By Sarah Pope
Photo Credit: iStock
In 2020, organizations quickly pivoted to remote work—regardless of their previous capabilities and setups. For some industries, this was an easy and seamless shift. For many others, it was unfamiliar—and at times, a major struggle.
As we look back on nearly a year of work-from-home data, the results have been overwhelmingly positive—with most remote employees proving to be more productive, while also enjoying the flexibility that can come from a remote setup. This has some organizations leaning toward more permanent remote work in 2021 and beyond. However, some industries are still struggling mightily, and are eager to get back to an in-office model to improve culture, collaboration, and their ability to do business with customers. Regardless of industry or role, working from home has at times created its own set of challenges for individuals as well, such as burnout, over-working, and added distractions—particularly for those in households with kids attending school online.
As we enter 2021, COVID-19 vaccine distribution is underway, and more people will continue to be vaccinated throughout the first half of the year. That means companies will soon be faced with the difficult dilemma of if, when, and how they should return to in-office work. Here are three main components that will be impacted:
REMOTE WORK TECHNOLOGY
Companies have made significant investments in capabilities and infrastructure to enable effective remote working environments for their employees. That includes equipment for their home offices, and the access and controls to ensure they can complete tasks from outside the office. Some companies never made the needed investment to start with to set up their employees with the basics of a home office or home technology, so with the trends of continued remote work and need for flexible working, it is still necessary to support employees with the basics. Companies also run the risk of becoming laggards if they aren’t keeping up with the latest work-from-home technology—a concern that could impact their recruiting and retention efforts. Another issue that will need to be addressed is productivity. Organizations must find ways to stay at the forefront of technology that enables their employees both in and out of the office, to ensure prospective and current employees that the capabilities to work remotely are still in place beyond the pandemic.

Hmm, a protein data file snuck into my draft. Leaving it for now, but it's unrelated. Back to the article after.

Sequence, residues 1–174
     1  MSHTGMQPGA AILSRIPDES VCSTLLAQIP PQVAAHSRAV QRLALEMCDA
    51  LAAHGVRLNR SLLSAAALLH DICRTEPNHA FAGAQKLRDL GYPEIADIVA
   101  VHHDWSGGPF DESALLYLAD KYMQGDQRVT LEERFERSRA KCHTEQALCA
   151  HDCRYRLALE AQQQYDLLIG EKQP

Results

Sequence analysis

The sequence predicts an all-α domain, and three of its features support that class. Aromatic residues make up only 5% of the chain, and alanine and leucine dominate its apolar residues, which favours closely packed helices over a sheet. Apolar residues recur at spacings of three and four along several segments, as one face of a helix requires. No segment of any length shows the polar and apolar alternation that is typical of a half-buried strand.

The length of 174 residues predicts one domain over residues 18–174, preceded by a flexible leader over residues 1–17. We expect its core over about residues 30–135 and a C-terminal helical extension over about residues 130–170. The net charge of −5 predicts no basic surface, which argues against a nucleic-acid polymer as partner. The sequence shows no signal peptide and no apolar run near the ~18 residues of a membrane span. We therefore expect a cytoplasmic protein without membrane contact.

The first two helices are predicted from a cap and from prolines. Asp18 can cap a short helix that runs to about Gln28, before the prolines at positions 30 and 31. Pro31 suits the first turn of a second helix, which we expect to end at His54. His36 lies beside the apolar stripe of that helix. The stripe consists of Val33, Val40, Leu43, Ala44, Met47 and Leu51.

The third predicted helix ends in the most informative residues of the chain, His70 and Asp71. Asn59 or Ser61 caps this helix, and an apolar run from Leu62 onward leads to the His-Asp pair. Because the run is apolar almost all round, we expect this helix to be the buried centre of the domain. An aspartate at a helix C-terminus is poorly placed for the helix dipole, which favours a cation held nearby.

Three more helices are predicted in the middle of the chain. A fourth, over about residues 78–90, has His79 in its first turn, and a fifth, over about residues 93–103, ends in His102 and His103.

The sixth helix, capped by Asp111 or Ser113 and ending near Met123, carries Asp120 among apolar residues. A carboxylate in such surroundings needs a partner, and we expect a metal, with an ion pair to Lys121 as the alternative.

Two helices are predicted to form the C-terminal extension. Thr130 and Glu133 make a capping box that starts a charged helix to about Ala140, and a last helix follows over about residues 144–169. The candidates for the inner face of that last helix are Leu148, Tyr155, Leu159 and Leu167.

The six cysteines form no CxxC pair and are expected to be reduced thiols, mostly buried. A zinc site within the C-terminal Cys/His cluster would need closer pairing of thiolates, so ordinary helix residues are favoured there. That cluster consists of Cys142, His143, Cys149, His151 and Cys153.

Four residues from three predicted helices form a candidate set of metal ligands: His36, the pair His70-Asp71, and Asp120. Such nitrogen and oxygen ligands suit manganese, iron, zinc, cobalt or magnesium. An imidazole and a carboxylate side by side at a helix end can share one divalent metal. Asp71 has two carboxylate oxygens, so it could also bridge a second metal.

On the flip side, many organizations made enormous investments prior to the pandemic to create a “campus culture” for their on-site employees. These included gyms, game rooms, and other amenities and perks for in-office employees to enjoy before, during, and after work. Those investments in a positive in-office experience have been underutilized for the past year, and organizations may be eager to return and re-instill that sense of culture and community. These amenities and perks are often major incentives for companies to land top talent, but will they now go to waste if staff continue to work remotely? Is there opportunity to reimagine the perks and amenities in a more flexible way that mixes in person and remote experiences? Without in-person gatherings, there could also be negative consequences on employee morale, company pride, and an overall sense of purpose, belonging, and connection to the organization.
FLEXIBILITY VS. COLLABORATION
Companies that are successful in their workplace choices in 2021 will need to optimize the balance between collaboration and flexibility. One way that organizations are exploring this is by determining the right, timely moments to use their office spaces. In this hybrid model, employees come into offices when it makes sense, but have the flexibility to work remotely otherwise. Identifying the opportunities to work onsite will likely depend on the organization, type of work and team itself, but the overall goal will be to use these moments to foster collaboration and creativity. There will also be considerations around travel for business meetings in other locations, and schedules will need to be effectively coordinated to make that possible in a hybrid-working world.
As difficult as 2020 was, the workplace decision at the time was clear—employees needed to stay as separated as possible for safety reasons, making remote work the only logical choice. But as vaccines continue to become more widespread and it gets safer to be around other people, companies will need to customize their own working model to fit their employees’ needs and preferences, while also ensuring it promotes an optimal environment for their business to operate.
For the original article, visit: Fast Company.